Gas Mixtures and Partial Pressures

# Gas Mixtures and Partial Pressures - And so on for all...

This preview shows pages 1–2. Sign up to view the full content.

Gas Mixtures and Partial Pressures How do we deal with gases composed of a mixture of two or more different substances? John Dalton (1766-1844) - (gave us Dalton's atomic theory ) The total pressure of a mixture of gases equals the sum of the pressures that each would exert if it were present alone The partial pressure of a gas: The pressure exerted by a particular component of a mixture of gases Dalton's Law of Partial Pressures: P t is the total pressure of a sample which contains a mixture of gases P 1 , P 2 , P 3 , etc. are the partial pressures of the gases in the mixture P t = P 1 + P 2 + P 3 + . .. If each of the gases behaves independently of the others then we can apply the ideal gas law to each gas component in the sample: For the first component, n 1 = the number of moles of component #1 in the sample The pressure due to component #1 would be: For the second component, n 2 = the number of moles of component #2 in the sample The pressure due to component #2 would be:

This preview has intentionally blurred sections. Sign up to view the full version.

View Full Document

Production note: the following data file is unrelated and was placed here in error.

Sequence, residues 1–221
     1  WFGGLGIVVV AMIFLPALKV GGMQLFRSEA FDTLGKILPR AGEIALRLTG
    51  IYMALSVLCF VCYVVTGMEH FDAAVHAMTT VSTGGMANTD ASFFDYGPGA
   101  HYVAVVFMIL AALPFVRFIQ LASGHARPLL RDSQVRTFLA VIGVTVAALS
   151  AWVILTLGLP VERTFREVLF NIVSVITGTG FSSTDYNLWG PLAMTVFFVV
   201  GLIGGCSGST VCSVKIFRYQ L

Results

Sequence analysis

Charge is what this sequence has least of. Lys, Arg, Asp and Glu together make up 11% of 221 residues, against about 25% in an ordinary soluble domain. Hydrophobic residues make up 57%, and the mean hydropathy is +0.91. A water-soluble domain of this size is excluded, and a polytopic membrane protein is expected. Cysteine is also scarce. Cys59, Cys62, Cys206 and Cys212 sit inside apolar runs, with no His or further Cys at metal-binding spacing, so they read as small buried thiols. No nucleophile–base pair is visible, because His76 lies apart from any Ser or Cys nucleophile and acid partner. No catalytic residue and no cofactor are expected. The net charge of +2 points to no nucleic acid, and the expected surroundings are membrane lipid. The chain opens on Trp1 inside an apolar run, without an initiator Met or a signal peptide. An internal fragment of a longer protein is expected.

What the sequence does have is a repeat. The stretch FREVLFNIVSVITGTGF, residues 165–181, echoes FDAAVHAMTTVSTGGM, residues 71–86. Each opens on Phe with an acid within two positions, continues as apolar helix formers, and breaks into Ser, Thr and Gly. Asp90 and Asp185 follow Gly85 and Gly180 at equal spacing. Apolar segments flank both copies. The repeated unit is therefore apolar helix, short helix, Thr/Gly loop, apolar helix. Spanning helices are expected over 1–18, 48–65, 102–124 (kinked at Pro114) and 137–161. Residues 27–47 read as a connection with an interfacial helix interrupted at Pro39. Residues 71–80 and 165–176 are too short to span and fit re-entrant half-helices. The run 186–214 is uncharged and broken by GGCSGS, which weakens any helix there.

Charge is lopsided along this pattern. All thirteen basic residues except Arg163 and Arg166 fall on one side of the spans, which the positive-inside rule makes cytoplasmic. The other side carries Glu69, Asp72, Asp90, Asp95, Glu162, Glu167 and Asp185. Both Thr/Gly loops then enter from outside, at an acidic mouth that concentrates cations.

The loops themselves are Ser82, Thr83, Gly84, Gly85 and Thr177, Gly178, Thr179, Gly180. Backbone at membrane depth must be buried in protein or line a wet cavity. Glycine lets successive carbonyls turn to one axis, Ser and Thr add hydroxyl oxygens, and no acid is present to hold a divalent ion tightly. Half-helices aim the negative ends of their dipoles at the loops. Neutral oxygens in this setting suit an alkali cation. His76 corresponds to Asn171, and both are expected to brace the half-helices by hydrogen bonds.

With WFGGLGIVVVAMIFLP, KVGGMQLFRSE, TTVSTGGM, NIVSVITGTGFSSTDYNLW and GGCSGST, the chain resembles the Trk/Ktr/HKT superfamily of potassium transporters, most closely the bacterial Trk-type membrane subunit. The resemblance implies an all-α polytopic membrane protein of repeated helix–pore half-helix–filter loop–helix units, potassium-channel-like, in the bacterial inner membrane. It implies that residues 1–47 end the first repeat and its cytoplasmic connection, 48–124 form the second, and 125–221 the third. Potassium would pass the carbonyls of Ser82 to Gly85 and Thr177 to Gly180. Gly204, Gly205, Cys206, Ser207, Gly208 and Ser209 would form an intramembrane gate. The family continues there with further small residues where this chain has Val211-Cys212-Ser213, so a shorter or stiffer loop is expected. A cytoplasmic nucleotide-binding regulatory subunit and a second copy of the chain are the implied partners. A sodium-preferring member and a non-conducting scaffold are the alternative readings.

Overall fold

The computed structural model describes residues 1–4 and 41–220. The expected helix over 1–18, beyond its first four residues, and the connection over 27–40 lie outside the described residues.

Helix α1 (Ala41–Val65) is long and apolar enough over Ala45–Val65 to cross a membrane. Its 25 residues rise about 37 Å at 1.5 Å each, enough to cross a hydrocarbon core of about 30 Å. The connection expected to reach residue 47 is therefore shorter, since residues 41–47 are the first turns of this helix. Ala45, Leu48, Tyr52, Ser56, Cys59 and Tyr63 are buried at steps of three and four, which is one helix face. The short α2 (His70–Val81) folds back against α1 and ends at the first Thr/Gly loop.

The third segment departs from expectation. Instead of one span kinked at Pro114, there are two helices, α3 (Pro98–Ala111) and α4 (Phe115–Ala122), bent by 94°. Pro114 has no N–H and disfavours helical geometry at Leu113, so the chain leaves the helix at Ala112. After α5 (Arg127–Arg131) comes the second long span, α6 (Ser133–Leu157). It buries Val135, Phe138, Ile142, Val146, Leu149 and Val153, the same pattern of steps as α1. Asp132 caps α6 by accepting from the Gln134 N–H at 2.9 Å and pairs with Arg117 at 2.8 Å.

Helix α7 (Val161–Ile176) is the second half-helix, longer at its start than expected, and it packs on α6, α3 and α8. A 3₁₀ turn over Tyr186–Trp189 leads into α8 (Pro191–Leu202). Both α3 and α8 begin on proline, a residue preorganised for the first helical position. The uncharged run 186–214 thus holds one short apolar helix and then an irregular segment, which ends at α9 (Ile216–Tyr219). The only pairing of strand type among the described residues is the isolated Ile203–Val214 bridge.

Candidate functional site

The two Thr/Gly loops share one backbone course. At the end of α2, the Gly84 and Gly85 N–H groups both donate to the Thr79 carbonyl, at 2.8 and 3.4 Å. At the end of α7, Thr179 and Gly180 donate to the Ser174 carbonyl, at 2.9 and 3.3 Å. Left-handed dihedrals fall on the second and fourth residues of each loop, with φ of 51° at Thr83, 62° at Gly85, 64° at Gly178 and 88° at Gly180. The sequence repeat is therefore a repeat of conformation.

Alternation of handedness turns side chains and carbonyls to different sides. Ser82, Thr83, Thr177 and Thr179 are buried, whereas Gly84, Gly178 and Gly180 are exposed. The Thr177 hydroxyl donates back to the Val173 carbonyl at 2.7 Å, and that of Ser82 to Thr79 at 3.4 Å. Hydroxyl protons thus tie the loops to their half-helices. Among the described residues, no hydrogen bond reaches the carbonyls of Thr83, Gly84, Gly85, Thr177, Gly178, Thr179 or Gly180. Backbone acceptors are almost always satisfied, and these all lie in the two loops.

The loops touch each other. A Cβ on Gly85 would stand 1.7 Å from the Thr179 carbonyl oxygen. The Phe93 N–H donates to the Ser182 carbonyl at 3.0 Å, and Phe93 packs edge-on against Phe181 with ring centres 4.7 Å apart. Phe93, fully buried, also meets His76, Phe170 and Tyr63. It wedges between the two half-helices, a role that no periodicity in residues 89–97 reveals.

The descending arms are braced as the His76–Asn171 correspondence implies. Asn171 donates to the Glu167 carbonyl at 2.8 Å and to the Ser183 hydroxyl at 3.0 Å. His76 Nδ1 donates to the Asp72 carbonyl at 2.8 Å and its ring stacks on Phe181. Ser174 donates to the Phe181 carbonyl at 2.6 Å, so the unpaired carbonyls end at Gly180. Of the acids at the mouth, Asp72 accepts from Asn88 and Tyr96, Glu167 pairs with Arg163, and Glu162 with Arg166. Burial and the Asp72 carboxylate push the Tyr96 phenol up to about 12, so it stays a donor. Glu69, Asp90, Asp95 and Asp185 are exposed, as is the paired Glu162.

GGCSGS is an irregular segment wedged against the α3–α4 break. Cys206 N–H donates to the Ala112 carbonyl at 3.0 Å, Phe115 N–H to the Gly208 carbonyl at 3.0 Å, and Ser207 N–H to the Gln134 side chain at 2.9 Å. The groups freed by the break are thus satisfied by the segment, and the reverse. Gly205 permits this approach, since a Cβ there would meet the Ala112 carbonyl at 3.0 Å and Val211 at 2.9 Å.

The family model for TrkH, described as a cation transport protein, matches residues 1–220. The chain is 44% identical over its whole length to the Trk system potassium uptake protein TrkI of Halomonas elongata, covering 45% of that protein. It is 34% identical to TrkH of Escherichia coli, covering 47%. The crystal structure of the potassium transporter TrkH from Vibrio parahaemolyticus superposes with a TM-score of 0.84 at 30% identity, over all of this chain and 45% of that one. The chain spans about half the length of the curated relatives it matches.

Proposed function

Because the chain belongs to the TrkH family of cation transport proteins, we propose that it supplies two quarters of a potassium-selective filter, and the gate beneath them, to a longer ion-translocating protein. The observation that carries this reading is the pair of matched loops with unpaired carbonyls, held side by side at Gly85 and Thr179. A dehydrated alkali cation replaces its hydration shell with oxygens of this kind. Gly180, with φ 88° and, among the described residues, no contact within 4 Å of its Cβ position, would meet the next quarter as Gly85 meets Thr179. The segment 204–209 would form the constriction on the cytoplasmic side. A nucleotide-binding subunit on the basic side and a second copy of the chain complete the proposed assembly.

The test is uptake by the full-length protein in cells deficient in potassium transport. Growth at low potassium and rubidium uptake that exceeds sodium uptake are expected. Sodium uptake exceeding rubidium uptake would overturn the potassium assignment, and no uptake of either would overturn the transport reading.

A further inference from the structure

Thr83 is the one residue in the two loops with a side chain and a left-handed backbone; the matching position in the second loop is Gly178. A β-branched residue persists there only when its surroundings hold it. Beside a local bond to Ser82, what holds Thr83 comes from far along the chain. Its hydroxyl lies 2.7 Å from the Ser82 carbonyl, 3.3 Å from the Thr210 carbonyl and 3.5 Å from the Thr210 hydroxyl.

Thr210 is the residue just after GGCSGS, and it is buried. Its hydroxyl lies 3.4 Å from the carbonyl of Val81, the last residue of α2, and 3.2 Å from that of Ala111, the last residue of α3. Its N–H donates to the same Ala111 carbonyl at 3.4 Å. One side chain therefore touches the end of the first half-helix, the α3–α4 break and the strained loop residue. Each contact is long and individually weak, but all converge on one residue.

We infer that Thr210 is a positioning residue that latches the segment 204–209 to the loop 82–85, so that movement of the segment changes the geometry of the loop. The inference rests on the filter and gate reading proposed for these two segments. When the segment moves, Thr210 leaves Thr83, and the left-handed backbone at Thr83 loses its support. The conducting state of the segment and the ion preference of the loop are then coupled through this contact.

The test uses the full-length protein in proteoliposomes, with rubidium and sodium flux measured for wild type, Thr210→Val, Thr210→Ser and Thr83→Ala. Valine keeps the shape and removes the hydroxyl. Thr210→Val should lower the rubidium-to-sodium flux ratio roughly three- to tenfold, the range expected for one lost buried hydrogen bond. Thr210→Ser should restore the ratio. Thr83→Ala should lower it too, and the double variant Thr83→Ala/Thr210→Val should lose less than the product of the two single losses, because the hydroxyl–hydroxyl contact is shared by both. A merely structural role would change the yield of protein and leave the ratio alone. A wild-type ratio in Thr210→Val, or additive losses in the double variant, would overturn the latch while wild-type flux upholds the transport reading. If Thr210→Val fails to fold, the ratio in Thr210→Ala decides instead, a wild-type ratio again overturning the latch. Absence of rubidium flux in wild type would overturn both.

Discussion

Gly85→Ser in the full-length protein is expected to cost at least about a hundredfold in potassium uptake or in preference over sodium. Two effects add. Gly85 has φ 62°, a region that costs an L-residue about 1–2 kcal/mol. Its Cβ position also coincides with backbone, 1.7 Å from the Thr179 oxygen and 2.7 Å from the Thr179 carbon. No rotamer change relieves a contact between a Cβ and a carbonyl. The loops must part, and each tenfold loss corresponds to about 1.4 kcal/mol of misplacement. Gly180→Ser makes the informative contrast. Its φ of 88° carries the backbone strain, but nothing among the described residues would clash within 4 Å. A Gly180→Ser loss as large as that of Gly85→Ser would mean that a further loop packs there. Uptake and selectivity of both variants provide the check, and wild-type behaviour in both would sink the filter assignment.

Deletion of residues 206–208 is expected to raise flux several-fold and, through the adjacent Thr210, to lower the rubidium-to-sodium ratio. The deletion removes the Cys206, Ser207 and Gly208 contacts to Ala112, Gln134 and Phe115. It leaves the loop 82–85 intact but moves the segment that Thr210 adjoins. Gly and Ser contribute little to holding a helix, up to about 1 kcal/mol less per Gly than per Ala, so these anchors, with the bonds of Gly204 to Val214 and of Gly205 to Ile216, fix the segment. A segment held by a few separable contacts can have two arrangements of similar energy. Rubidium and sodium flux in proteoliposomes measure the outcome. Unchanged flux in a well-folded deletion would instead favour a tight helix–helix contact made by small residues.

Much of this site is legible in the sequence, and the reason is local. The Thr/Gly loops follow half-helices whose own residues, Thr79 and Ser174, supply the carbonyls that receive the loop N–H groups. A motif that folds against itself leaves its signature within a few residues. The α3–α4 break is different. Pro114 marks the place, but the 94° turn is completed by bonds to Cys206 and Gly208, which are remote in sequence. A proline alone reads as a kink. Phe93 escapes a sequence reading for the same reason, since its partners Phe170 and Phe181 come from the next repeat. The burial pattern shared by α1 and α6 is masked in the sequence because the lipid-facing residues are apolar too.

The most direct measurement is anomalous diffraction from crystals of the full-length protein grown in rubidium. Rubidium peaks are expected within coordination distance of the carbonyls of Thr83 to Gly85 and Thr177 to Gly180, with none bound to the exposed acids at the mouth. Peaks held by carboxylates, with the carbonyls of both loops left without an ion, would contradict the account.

This is the end of the preview. Sign up to access the rest of the document.

Unformatted text preview: And so on for all components. Therefore, the total pressure P t will be equal to: • All components will share the same temperature, T , and volume V , therefore, the total pressure P t will be: • Since the sum of the number of moles of each component gas equals the total number of moles of gas molecules in the sample: At constant temperature and volume, the total pressure of a gas sample is determined by the total number of moles of gas present, whether this represents a single substance, or a mixture Example A gaseous mixture made from 10 g of oxygen and 5 g of methane is placed in a 10 L vessel at 25°C. What is the partial pressure of each gas, and what is the total pressure in the vessel? (10 g O 2 )(1 mol/32 g) = 0.313 mol O 2 (10 g CH 4 )(1 mol/16 g) = 0.616 mol CH 4 V=10 L T=(273+25K)=298K P t = P O2 + P CH4 = 0.702 atm + 1.403 atm = 2.105 atm...
View Full Document

## This note was uploaded on 11/22/2011 for the course CHEMISTRY CHM1025 taught by Professor Laurachoudry during the Fall '10 term at Broward College.

### Page1 / 2

Gas Mixtures and Partial Pressures - And so on for all...

This preview shows document pages 1 - 2. Sign up to view the full document.

View Full Document
Ask a homework question - tutors are online